•Broke records four years in a row for the total number of applications for admission to the College, surpassing 1,400 for 250 spots in the fall 2004 entering class. Much of that success has been due to alumni referrals of students, which annually total about 1,000 names;

•The development of the Wabash Ecuadorian Studies Program, which offers up to 20 students the opportunity to spend four weeks in the summer studying history, culture, politics, economics, critical thinking, and science at no cost to the students; and

•An increase in unrestricted gifts to the College’s Annual Fund, from just under $2 million at the start of the Campaign to $2.7 million in fiscal 2004.

“What is really most remarkable is what we have been able to accomplish during the course of the Campaign for Leadership,” said Thomas A. Hays ’55, who served as national chairman. “We improved our facilities; increased our enrollment; provided all-new opportunities for students; and built a lasting relationship with alumni and friends of the College.”

Another of the goals of the Campaign for Leadership was to reconnect alumni with the College. Wabash established regional alumni associations in more than two dozen cities; engaged alumni in teaching and learning programs all around the country; and established the Schroeder Career Center that actively works with alumni to secure employment and internship opportunities for Wabash students.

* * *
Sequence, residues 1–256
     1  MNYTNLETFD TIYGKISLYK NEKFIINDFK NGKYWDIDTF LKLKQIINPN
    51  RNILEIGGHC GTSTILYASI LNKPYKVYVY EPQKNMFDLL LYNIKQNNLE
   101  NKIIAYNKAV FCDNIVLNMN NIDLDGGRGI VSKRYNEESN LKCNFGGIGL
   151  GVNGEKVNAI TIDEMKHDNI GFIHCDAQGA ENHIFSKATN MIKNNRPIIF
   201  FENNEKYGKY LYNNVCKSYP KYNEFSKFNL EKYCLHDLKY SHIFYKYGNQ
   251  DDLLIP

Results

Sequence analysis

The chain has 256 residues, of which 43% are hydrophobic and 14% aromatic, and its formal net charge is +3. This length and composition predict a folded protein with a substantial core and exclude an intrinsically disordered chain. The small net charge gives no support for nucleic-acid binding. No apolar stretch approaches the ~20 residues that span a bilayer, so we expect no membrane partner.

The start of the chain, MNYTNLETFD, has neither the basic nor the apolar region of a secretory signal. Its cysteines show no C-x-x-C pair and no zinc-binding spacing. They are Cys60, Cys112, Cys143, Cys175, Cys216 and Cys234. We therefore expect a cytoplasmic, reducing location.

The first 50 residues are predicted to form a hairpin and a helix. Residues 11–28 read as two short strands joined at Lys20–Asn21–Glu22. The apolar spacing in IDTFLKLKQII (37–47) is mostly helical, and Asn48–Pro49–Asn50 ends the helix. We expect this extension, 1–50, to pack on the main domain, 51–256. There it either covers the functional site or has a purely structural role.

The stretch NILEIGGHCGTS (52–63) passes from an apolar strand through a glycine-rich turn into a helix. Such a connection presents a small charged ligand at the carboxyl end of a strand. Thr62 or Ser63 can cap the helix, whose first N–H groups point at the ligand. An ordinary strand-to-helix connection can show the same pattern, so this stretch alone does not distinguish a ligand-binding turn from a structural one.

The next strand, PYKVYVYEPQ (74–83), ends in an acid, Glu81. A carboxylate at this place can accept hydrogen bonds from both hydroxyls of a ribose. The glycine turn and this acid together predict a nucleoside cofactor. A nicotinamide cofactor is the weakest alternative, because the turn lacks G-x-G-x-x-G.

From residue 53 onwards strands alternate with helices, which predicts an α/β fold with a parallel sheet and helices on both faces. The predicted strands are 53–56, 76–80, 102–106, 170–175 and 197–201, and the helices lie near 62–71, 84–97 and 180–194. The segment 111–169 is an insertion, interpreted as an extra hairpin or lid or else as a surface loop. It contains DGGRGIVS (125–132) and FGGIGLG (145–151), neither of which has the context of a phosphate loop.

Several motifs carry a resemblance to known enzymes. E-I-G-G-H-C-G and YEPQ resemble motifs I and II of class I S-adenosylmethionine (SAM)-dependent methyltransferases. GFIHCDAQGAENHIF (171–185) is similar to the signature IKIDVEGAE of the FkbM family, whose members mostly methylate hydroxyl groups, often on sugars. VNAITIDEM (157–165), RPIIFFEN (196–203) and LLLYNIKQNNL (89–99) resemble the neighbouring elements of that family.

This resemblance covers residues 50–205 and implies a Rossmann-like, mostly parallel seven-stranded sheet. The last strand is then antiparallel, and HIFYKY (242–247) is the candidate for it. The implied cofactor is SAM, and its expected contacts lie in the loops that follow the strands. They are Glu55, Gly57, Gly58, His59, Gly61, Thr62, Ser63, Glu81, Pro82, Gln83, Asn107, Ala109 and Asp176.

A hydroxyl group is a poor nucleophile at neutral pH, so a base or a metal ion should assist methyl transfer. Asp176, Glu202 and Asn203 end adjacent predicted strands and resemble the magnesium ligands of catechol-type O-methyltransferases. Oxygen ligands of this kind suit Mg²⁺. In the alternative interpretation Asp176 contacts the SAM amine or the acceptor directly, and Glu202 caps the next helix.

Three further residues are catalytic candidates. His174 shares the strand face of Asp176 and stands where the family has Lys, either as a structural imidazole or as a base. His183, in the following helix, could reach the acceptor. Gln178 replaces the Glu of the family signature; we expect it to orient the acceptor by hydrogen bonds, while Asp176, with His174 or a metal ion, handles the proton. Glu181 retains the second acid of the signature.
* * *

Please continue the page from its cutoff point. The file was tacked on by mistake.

“Thanks to the campaign, there are more alumni doing more for Wabash than ever before,” added Emmick. “Alumni are referring students for admission, placing Wabash students in internships, appearing as guest lecturers, and mentoring our students. It has been remarkable to see the ways in which Wabash alumni have given of themselves on behalf of the College over the course of the Campaign.”

A few of the more creative gifts from alumni and friends of the College during the campaign have included:

•A summer internship that allows a student a generous stipend to dedicate time to writing original works of fiction;

•A generous scholarship package that rewards and encourages exceptional achievement in art;

•The College’s first professorship in biochemistry, as well as a biochemistry lecture series;

•A visiting writer series that brings to campus award-winning writers in residence;

•A public service internship fund, which provides financial resources for students who are pursuing public service internships during the summer;

•A fund that allows the current Dean to assist students with difficult financial circumstances;

•An endowed scholarship package that covers all costs associated with a semester of study in Europe; and

•The restoration of an area of the Fuller Arboretum to a natural woodland state with native Indiana wildflowers and trees.

Wabash’s previous largest capital campaign ended in the late 1980s and generated $42 million, which was used for renovation of the College’s Lilly Library, Fine Arts Center, and Detchon Center for Modern Languages and International Studies.

Founded in 1832, Wabash is a private liberal arts college for men located in Crawfordsville, Indiana. Its 850 students hail from 34 states and 18 foreign countries. The College is ranked in the top tier of national liberal arts colleges in U.S. News & World Report , and is featured with a chapter in Loren Pope’s book Colleges That Change Lives.

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Wabash College • P.O. Box 352 • Crawfordsville, IN 47933 • 765.361.6100